Storytelling reveals meaning without committing the error of defining it.

– Hannah Arendt

Writing Prompt: Origins

I’ve moved around a lot over the years.  The cities I’ve lived in have helped form my impression of life, given me new friends and allowed me to see the world from different points of view.  However, as much as I rave about my favourite places, like San Francisco and London, I never talk about the place where I grew up.  Maybe it’s because I’ve spent most of my life trying to get away from it.

It doesn’t necessarily follow that I had a bad childhood, quite the contrary. It was just a claustrophobic place. The city itself is part of the largest county in the US, but everything from the shops, to the restaurants, malls and parks seemed so enclosed, as though there was everything and nothing beyond the city limits.  It was that desperate feeling of  drowning and living and dying in a place like that which prompted me to do everything I could to get away.

When I look back now, I suppose it wasn’t so bad. It was just like living in a sheep’s pen. The people in it where contented enough, living from day to day and very few of the people I knew then ever left. The sad thing is that I can remember small independently owned shops on the main street and big brightly painted schools with giant football pitches, but last time I drove through, my old school was fenced off and looked like a prison, complete with metal detectors. The little bakery, flower shop and furniture store I passed on my way to school each day are boarded up. The mall is a gang haven… Looks like I left just in time. When I drive through southern California, each town resembles the next, all blending into each other.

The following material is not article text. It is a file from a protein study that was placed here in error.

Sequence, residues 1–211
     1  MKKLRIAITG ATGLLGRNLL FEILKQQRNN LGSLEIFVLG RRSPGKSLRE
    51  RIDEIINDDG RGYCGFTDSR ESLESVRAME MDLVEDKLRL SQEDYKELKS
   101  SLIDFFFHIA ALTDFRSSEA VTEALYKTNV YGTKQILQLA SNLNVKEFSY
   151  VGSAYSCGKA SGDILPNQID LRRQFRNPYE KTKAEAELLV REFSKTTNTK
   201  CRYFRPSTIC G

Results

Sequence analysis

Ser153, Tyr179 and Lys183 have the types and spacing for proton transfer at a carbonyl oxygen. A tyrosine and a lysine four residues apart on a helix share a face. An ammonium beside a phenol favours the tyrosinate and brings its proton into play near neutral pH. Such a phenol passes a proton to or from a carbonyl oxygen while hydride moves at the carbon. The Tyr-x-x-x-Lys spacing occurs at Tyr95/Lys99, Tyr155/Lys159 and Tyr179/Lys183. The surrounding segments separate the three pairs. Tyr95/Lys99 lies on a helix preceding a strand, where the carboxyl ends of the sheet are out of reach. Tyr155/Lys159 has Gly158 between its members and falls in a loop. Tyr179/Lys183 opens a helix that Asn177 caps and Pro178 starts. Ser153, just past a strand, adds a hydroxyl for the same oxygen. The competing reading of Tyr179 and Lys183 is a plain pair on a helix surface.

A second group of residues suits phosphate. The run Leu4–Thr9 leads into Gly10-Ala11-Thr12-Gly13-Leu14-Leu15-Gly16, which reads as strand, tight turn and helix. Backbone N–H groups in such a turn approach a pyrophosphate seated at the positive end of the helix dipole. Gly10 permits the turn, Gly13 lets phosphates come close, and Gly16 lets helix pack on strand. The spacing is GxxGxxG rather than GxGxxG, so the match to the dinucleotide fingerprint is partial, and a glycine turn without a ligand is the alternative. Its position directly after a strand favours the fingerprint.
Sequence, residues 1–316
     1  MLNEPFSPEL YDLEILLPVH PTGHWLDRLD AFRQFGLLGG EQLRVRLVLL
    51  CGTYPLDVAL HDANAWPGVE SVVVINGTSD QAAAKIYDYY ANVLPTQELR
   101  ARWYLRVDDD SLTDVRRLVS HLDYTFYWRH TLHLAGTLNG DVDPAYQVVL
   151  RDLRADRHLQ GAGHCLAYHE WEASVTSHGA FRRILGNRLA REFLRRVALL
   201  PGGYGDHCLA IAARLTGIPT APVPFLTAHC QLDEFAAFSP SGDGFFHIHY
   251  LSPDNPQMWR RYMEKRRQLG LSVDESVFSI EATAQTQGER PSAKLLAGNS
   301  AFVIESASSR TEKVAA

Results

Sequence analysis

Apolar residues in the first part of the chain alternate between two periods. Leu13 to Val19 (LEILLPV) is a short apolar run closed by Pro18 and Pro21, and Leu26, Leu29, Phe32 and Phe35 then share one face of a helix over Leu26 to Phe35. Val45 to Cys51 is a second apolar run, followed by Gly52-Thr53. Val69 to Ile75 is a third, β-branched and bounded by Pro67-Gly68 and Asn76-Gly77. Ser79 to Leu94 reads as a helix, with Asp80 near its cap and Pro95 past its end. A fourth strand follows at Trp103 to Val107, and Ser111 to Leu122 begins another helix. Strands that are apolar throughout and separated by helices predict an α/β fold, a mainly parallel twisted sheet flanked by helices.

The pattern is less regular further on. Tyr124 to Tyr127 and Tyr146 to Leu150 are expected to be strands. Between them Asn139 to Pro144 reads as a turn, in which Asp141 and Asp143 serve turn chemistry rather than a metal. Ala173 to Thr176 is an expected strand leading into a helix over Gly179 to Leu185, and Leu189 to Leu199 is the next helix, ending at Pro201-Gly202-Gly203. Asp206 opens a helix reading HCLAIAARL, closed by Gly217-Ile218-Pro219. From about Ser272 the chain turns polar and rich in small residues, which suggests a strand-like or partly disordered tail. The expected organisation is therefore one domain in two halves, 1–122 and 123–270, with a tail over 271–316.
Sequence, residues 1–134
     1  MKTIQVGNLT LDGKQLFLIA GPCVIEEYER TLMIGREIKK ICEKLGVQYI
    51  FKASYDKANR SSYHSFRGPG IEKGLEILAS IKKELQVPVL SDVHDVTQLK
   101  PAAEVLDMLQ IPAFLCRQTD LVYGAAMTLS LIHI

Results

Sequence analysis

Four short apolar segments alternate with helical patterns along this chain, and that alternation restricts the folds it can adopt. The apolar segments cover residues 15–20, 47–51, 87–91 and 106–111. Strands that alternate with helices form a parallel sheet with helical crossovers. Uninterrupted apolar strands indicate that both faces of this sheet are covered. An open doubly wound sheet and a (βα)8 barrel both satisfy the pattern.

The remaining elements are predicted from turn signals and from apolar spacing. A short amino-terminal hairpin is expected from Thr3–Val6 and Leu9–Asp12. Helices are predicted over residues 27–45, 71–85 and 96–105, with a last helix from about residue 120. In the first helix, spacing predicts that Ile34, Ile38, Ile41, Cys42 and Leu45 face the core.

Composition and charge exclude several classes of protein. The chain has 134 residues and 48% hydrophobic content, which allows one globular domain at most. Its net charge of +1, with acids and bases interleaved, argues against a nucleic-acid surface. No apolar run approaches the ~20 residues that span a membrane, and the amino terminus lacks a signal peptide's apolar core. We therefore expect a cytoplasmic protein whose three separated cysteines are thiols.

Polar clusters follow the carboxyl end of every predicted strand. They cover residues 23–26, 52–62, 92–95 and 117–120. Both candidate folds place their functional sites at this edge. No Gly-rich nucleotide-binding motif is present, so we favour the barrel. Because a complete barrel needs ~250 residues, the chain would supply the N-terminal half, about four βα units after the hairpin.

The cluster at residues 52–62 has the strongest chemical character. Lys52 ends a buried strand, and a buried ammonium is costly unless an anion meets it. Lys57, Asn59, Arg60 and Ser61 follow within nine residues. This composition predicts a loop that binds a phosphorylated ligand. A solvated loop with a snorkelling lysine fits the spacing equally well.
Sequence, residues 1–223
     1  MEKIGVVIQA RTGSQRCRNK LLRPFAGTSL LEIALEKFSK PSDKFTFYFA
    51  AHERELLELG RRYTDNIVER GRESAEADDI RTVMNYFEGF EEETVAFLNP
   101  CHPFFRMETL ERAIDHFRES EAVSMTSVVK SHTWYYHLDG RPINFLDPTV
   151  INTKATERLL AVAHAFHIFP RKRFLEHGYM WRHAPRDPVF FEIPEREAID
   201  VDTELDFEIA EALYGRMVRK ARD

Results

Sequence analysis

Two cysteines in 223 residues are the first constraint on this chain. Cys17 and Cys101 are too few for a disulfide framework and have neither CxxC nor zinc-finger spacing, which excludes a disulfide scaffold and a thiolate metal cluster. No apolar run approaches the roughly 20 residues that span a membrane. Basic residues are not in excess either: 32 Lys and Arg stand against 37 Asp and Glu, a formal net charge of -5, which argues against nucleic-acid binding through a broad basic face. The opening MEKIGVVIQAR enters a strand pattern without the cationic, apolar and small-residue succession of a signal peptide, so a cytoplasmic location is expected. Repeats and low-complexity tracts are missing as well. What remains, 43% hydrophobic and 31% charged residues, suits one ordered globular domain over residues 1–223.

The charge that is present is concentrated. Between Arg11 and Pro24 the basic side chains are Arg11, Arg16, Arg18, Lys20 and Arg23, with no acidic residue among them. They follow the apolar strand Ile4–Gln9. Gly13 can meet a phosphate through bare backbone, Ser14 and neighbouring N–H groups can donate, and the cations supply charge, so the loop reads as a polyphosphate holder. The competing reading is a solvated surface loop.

It’s important to look back on where we came from to try to understand who we are, why we think the way we do and to figure out where we’re going.

Describe where you grew up, for better or for worse. above all, be honest about how you feel about where you hail from and see where it takes you.

Writing Prompt: Origins

Quote for the day

If you have other things in your life – family, friends, good productive day work – these can interact with your writing and the sum will be all the richer.

– David Brin

Closing off the book list 2008

Well, I gave it a go and here is how far I got in 2008:

1. A Certain Slant of Light – Laura Whitcomb

2. The Road to Avalon – Joan Wolf

3. Rope Burns – F.X. Toole

4. We Need to Talk about Kevin – Lionel Shriver

5. A Confederacy of Dunces – John Kennedy Toole

6. Battle Royale – Houshun Takami

7. I Haven’t Dreamt of Flying for a While – Taichi Yamada

8. The Strange Case of Dr. Jekyll and Mr. Hyde – Robert Louis Stevenson

9. Rape – A Love Story – Joyce Carol Oates

10. How to Survive a Horror Movie – Seth Grahame-Smith

11. The Ice Queen – Alice Hoffman

12. Breakfast At Tiffany’s – Truman Capote

13. The Book with No Name – Anonymous

14. Winkie – Clifford Chase

15. Lost Girls and Love Hotels – Catherine Hanrahan

16. Nefertiti – Michelle Moran

17. Tan Lines – J.J. Salem

18. The Fifth Child – Doris Lessing

19. Candide – Voltaire

20. Real World – Natsuro Karino

21. The Choice – Nicolas Sparks

22. Almost Transparent Blue – Ryu Murakami

23. The Tartar Steppe – Dino Buzzati

24. Out – Natsuro Kirino

25. After Dark – Murakami

So, just short of half my target. 2009 will have to be better. So, here’s my first resolution of the year. My friends will understand how difficult this will be for me, but I won’t buy another book until I’ve read 52 books from  my exisiting library.  I have about 200 unread books to choose from, so I shoudn’t want for options… wish me luck in 2009.

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